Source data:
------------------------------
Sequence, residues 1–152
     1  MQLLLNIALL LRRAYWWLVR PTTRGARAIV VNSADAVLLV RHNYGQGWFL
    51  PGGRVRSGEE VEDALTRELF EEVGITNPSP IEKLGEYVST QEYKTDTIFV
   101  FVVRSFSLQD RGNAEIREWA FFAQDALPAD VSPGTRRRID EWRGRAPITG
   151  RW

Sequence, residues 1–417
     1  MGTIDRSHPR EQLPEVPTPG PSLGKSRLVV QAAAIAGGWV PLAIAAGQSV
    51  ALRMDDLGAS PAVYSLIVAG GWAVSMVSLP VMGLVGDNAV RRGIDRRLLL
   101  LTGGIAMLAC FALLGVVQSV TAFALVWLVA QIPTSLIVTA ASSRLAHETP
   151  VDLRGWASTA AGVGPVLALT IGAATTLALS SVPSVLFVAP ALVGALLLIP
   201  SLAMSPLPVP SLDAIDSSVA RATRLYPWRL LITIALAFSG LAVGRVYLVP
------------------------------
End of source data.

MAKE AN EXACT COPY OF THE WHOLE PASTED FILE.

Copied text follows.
Sequence, residues 1–152
     1  MQLLLNIALL LRRAYWWLVR PTTRGARAIV VNSADAVLLV RHNYGQGWFL
    51  PGGRVRSGEE VEDALTRELF EEVGITNPSP IEKLGEYVST QEYKTDTIFV
   101  FVVRSFSLQD RGNAEIREWA FFAQDALPAD VSPGTRRRID EWRGRAPITG
   151  RW

Sequence, residues 1–417
     1  MGTIDRSHPR EQLPEVPTPG PSLGKSRLVV QAAAIAGGWV PLAIAAGQSV
    51  ALRMDDLGAS PAVYSLIVAG GWAVSMVSLP VMGLVGDNAV RRGIDRRLLL
   101  LTGGIAMLAC FALLGVVQSV TAFALVWLVA QIPTSLIVTA ASSRLAHETP
   151  VDLRGWASTA AGVGPVLALT IGAATTLALS SVPSVLFVAP ALVGALLLIP
   201  SLAMSPLPVP SLDAIDSSVA RATRLYPWRL LITIALAFSG LAVGRVYLVP